Do you draw a salary of more than Rs. 40,000 per month? Here is some bad new for you.
The Maharashtra Housing and Area Development Authority (Mhada) will not have any houses for the high-income group (HIG) category (income more than Rs. 40,000 monthly) in the forthcoming lottery scheduled this May.
Talking to Hindustan Times, Amarjit Singh Manhas, chairman, Mhada, Mumbai board, said: “Mhada is primarily created to provide houses to the poor and the middle-class people and we are doing our work.”
“Rich people can afford houses from private builders,” he added. Out of the total 8,182 houses allotted in lotteries in the past three years, 1,756 were given to people in the high-income group, he said.
On May 6, 2010, Mhada had revamped the entire lottery system by hiking both the income category and also the size of the flats. The HIG category was then classified as a person getting a salary of more than Rs40,000 from the earlier Rs20,000. Similarly, he was entitled to get a flat measuring more than 800 sq ft from the previous 500 sq ft. However, in the current draw, the maximum size of the flat is 710 sq ft, which puts it outside the HIG bracket.
Nearly 2,569 houses have been earmarked for the low-income group category (Rs8,000 - Rs20,000) and 1,209 flats have been kept aside for the middle-income group category (Rs20,000 - Rs40,000).
Ever since realty rates have reached exorbitant levels, there has been a great demand for low-cost Mhada houses.
Understandably, the announcement of excluding the HIG has acted as a dampener. “These people would be forced to migrate outside the city as their only hope to afford a house has been shattered,” said Vinod Sampat, a real estate lawyer and a housing activist.
Budget to focus on revamp of colonies
Mumbai: The annual budget of the Maharashtra Housing and Area Development Authority (Mhada) will focus on redevelopment of its colonies.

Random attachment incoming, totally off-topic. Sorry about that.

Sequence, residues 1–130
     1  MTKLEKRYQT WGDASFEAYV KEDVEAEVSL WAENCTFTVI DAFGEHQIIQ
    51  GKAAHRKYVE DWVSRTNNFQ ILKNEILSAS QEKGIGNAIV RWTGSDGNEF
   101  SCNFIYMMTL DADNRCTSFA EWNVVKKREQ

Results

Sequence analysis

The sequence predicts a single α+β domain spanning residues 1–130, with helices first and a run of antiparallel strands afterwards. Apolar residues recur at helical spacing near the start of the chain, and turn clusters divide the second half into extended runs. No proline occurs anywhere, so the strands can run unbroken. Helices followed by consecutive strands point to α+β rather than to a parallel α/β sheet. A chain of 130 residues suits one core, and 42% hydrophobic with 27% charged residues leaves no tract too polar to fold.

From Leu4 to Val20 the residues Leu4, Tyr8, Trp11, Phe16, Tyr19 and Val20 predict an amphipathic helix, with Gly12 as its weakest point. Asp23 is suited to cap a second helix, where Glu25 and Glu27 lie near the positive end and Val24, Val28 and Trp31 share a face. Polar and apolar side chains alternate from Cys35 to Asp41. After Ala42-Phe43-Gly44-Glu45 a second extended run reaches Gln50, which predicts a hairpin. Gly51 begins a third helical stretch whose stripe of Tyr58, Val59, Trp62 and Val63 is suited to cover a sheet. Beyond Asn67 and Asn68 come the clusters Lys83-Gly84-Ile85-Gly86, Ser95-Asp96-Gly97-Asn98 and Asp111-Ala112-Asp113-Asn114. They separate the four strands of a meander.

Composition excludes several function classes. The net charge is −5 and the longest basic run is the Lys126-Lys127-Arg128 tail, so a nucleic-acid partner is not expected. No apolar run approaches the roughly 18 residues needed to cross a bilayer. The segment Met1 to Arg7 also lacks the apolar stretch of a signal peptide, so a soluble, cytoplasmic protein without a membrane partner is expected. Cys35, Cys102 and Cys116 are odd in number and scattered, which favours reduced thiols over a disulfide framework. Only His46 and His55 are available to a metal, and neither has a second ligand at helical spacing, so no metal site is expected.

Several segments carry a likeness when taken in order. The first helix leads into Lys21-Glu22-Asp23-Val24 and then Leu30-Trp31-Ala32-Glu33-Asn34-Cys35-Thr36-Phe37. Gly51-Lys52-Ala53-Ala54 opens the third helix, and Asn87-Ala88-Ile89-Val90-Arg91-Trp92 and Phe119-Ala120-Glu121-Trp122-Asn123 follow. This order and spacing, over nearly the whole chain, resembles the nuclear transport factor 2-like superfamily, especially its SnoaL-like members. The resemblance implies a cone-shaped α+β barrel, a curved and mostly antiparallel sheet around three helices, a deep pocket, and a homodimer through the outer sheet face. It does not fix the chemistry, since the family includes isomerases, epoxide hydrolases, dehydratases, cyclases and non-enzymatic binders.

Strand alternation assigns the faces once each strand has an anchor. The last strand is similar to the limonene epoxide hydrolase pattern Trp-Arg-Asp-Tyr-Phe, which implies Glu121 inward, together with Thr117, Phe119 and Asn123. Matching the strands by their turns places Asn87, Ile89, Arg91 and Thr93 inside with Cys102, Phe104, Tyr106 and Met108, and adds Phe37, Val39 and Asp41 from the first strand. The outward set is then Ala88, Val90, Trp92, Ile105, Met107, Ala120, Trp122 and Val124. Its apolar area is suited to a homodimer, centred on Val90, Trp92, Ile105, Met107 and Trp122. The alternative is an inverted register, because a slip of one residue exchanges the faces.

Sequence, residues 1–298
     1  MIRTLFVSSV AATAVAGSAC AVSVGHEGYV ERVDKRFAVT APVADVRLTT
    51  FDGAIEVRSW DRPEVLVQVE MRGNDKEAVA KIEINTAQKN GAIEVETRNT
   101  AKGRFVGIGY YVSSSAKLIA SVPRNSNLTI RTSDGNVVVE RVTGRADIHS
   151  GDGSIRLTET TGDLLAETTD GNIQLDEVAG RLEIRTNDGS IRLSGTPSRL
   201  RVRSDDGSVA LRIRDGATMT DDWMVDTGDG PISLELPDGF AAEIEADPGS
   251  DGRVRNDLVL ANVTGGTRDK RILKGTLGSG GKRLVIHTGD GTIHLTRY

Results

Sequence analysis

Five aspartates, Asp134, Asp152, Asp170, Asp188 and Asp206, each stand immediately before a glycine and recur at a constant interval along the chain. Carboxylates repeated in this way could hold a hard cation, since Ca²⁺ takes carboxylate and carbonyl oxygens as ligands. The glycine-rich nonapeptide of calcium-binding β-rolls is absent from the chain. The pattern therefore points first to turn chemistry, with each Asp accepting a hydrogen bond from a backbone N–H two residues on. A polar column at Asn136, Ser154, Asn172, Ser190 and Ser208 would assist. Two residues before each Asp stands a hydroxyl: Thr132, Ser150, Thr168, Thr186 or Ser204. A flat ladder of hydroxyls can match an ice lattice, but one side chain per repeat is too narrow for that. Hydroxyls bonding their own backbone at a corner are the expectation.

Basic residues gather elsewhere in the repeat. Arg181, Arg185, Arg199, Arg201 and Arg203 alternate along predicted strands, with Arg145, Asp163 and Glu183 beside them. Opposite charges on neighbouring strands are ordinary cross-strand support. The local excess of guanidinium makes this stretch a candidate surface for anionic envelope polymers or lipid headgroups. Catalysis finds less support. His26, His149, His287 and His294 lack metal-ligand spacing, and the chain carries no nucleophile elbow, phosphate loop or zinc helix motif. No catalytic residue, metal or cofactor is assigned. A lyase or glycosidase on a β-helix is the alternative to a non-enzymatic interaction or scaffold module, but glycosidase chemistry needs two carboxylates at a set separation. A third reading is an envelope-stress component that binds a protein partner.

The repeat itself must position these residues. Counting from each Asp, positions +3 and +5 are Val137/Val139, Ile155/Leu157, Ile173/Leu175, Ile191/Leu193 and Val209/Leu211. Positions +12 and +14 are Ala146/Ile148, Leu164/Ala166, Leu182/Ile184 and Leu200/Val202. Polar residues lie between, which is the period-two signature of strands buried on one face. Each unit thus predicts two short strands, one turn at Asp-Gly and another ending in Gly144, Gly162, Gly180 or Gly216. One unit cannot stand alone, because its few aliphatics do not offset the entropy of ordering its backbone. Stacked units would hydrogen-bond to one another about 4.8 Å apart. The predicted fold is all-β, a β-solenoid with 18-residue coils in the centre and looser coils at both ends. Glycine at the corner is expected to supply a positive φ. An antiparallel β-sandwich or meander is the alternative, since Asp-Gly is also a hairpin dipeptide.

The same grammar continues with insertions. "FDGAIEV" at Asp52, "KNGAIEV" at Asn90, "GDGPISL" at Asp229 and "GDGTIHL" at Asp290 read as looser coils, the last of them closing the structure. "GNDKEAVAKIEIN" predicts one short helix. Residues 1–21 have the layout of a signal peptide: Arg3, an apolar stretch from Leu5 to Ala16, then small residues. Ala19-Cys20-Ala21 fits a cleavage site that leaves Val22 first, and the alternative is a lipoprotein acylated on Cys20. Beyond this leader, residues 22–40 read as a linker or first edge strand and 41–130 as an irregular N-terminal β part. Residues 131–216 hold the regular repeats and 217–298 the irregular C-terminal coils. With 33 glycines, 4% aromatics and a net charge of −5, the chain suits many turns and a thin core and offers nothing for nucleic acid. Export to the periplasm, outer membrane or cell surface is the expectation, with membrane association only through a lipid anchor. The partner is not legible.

For the first time, Mhada has made a budgetary provision of Rs100 crore for this purpose.
The housing authority will unveil its Rs4,200-crore budget on Friday.
Talking to Hindustan Times, a senior Mhada official who was instrumental in preparing the budget said circumstances had forced the authority to take the decision.
“We hardly have any land bank left. It is only through redevelopment of our colonies that we can generate a huge stock of low-cost houses,” the official said.
Presently, Mhada has just five acres of land bank left and officials have been hard pressed to find ways to create low-cost houses.
The Mhada has 56 colonies across the city, which has 3,701 buildings housing 1.10 lakh tenants. There are large layouts located in places like Vikhroli, Goregaon, Worli, Chembur and Gorai. There has been a low response to the revamp process and hence Mhada has itself decided to undertake the work.
Another important budgetary provision is of Rs50 crore to redevelop slums located on Mhada land.
Activists have welcomed the authority’s move. “Private builders are only interested in making profits and constructing high-end luxury apartment. Mhada offers affordable houses to the common man,” said Gaurang Vora, a social activist. He said Mhada’s recent constructions had improved considerably.
About Rs. 10 crore would be kept aside to provide amenities to newly-constructed buildings, beautifying gardens, as well as upkeep of playgrounds.